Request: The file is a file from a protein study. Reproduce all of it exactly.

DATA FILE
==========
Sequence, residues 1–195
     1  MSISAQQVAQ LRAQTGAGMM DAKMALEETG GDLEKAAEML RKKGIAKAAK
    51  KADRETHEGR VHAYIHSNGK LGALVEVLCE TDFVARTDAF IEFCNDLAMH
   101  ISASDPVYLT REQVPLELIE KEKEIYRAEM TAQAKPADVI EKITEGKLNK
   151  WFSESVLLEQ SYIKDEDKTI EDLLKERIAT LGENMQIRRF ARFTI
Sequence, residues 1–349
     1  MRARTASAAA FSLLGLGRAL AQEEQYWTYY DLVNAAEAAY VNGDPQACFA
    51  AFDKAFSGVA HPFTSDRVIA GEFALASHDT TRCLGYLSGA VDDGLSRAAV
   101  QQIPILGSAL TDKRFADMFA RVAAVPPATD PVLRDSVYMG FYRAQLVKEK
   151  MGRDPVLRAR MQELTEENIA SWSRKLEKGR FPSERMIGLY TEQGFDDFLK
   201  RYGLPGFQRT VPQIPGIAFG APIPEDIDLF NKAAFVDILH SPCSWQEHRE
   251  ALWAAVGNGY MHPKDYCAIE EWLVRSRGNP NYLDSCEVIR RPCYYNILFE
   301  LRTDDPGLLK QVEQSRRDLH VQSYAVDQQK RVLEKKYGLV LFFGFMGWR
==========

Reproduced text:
Sequence, residues 1–195
     1  MSISAQQVAQ LRAQTGAGMM DAKMALEETG GDLEKAAEML RKKGIAKAAK
    51  KADRETHEGR VHAYIHSNGK LGALVEVLCE TDFVARTDAF IEFCNDLAMH
   101  ISASDPVYLT REQVPLELIE KEKEIYRAEM TAQAKPADVI EKITEGKLNK
   151  WFSESVLLEQ SYIKDEDKTI EDLLKERIAT LGENMQIRRF ARFTI
Sequence, residues 1–349
     1  MRARTASAAA FSLLGLGRAL AQEEQYWTYY DLVNAAEAAY VNGDPQACFA
    51  AFDKAFSGVA HPFTSDRVIA GEFALASHDT TRCLGYLSGA VDDGLSRAAV
   101  QQIPILGSAL TDKRFADMFA RVAAVPPATD PVLRDSVYMG FYRAQLVKEK
   151  MGRDPVLRAR MQELTEENIA SWSRKLEKGR FPSERMIGLY TEQGFDDFLK
   201  RYGLPGFQRT VPQIPGIAFG APIPEDIDLF NKAAFVDILH SPCSWQEHRE
   251  ALWAAVGNGY MHPKDYCAIE EWLVRSRGNP NYLDSCEVIR RPCYYNILFE
   301  LRTDDPGLLK QVEQSRRDLH VQSYAVDQQK RVLEKKYGLV LFFGFMGWR